In addition, Yale Undergraduate Admissions will help organize workshops for high school teachers and counselors in all three African countries each year, as well as partner with the United States Achievers Program (USAP) in Zimbabwe to organize a conference of educational sponsorship organizations from across the continent, the first such event of its kind.
Meanwhile, plans are already underway for the summer 2016 sessions that will take place in Ghana, Rwanda, and Zimbabwe. The application form can be accessed here.
Yale professor Ian Shapiro, co-director of the Yale Africa Initiative, said: “It has been wonderful to see the genesis of YYAS from an idea presented by a handful of students, turned into a robust program bringing together students, faculty, alumni, admissions officers and partners from across Africa, united by a common objective: the provision of greater access to educational opportunities for African youth.”
“This is such a fantastic initiative, and we cannot think of a more dedicated partner than the Higherlife Foundation,” said Ted Wittenstein, executive director of the Yale Young Global Scholars Program, which administers YYAS. “As the demand for college education in sub-Saharan Africa continues to outpace supply, programs such as YYAS will be critical to the preparation of students interested in pursuing higher education at American institutions. YYAS helps to achieve this vital educational objective by tapping the unlimited enthusiasm of Yale students, faculty, and staff. ”
Rebekah Westphal, director of international admissions for Yale College, said: “We are excited to have the opportunity to work with and support more teachers and counselors on the continent through the additional workshops and training sessions. In particular, I really look forward to bringing together coordinators from sponsorship and NGO organizations from all across Africa to share best practices on supporting high-achieving students who come from disadvantaged backgrounds.”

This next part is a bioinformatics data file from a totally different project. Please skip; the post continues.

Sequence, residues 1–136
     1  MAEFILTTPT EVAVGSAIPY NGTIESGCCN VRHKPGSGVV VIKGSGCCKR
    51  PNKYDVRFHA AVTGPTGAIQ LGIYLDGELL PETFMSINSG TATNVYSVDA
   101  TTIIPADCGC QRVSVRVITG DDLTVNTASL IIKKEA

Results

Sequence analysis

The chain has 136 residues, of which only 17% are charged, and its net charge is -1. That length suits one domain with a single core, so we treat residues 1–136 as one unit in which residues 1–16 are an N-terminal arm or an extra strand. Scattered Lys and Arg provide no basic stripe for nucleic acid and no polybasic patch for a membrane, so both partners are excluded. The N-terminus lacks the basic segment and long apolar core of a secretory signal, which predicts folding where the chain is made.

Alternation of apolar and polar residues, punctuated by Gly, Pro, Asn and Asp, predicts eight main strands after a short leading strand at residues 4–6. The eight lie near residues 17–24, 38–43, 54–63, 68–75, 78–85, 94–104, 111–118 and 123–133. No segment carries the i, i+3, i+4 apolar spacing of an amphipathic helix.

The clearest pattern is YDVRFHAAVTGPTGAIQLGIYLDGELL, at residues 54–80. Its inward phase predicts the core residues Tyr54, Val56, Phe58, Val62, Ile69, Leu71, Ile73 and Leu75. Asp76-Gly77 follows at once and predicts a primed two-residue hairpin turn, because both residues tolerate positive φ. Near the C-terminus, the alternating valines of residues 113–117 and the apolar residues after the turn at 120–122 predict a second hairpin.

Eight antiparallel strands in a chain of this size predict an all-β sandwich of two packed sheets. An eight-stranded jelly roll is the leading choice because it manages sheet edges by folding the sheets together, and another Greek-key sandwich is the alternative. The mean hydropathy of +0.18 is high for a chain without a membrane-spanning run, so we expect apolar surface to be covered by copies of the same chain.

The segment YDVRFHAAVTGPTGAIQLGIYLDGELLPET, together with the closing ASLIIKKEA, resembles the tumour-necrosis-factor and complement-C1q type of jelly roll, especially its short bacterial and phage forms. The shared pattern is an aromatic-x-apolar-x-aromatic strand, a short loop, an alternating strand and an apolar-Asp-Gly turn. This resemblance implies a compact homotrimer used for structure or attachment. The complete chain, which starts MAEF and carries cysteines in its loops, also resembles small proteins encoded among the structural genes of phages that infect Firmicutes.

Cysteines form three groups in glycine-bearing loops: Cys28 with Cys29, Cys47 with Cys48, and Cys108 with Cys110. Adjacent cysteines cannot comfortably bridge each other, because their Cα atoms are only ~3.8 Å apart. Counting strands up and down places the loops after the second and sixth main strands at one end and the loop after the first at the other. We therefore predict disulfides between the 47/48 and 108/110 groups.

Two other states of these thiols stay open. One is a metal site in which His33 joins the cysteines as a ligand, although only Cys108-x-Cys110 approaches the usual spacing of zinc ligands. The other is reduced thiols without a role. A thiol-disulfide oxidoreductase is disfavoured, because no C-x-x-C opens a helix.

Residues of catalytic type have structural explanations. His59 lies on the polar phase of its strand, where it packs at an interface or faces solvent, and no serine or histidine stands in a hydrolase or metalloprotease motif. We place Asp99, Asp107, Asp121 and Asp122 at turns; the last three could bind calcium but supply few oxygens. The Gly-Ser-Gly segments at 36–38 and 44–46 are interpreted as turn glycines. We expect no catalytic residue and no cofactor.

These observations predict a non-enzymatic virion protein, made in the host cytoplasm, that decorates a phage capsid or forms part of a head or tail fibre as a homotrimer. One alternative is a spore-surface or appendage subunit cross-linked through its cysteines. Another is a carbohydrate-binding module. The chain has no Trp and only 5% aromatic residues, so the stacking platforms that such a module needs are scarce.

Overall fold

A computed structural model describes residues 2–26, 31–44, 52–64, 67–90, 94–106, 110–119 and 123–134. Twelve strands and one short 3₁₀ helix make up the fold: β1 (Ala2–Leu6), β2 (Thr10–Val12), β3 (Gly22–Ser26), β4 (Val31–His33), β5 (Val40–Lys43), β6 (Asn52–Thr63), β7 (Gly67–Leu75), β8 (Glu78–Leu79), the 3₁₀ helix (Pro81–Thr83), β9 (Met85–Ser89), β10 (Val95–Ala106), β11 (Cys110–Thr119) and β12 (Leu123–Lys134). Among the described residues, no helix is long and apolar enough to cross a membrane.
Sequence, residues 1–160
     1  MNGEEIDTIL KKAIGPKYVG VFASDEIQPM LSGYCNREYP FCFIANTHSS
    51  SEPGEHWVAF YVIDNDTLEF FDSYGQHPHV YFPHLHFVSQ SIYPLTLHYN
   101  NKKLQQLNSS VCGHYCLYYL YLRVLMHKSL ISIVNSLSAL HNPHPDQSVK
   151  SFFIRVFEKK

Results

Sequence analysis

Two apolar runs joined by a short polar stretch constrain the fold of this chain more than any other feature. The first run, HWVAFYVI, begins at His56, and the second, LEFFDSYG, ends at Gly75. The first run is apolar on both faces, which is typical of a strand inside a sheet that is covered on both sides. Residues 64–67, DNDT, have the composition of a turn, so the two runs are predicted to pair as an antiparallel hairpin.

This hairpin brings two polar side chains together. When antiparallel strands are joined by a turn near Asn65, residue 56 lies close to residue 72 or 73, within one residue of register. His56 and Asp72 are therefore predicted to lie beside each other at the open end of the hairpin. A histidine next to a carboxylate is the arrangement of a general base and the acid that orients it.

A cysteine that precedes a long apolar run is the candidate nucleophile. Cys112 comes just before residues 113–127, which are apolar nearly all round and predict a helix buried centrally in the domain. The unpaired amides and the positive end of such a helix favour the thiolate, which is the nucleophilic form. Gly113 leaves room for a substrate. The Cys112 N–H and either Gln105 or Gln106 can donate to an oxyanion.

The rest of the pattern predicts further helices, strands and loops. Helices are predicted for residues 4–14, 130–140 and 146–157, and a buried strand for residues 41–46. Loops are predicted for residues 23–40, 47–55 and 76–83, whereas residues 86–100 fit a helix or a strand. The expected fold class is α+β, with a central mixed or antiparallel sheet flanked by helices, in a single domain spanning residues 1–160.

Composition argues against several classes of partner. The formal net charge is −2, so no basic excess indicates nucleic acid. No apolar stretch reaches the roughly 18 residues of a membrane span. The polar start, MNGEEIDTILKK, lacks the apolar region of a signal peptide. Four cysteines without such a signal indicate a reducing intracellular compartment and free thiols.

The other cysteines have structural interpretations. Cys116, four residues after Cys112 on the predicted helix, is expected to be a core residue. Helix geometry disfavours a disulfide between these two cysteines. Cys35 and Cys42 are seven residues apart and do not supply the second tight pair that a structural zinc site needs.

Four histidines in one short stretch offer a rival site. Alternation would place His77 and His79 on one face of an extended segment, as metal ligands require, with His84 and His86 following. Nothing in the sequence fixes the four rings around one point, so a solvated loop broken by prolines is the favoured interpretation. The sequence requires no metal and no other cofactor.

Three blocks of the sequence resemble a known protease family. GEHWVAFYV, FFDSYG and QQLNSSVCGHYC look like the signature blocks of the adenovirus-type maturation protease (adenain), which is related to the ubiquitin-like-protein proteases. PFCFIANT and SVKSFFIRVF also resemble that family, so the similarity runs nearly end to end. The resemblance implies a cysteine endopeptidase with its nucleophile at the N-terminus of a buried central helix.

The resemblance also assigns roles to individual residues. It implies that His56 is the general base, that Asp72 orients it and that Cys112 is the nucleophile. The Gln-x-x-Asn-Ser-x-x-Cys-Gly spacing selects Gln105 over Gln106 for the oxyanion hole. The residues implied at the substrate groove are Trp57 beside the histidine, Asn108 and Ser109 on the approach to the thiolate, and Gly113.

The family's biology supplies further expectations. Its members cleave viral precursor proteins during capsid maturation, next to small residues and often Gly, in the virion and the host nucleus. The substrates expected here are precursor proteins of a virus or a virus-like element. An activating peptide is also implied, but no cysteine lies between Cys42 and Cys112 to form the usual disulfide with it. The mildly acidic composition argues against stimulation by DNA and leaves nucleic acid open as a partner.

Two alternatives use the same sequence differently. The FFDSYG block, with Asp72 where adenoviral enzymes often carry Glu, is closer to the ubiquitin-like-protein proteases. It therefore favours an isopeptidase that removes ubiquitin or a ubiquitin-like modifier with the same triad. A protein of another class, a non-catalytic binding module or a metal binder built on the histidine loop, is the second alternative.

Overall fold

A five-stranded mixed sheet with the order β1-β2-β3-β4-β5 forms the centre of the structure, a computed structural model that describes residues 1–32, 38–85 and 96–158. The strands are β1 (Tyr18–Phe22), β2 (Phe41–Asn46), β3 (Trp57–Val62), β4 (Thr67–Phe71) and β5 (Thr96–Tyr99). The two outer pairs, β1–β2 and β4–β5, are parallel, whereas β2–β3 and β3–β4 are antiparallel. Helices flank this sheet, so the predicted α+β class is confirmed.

Helinna Ayalew, the project manager for YYAS, who began her work with the program as a Yale graduate student instructor in summer 2014, emphasized the importance of YYAS’s focus on mentorship, drawing on her personal experience as a high school student in Ethiopia.
“I know how challenging it can be for African students to prepare for and navigate the American college application process,” she said. “In the first two pilot years of YYAS, I witnessed the program’s potential first-hand, as participants completed the program and successfully applied to college. This outstanding gift from the Higherlife Foundation will enable YYAS to dramatically expand this mentorship capability to hundreds of students across Africa for years to come.”
The Yale Africa Initiative, announced during Salovey’s inauguration speech in October 2013, aims to expand and sharpen scholarship about Africa at Yale, to increase the number of African students on campus as well as the financial aid available to support them, and to establish partnerships between the university and peer African institutions.
The initiative is co-chaired by Yale professors Ian Shapiro and Michael Cappello, and administered with support from Eddie Mandhry, director for Africa in the Yale Office of International Affairs.
For more information on the Yale Young African Scholars initiative or its parent program, Yale Young Global Scholars, visit its website. The Higherlife Foundation website can be accessed here.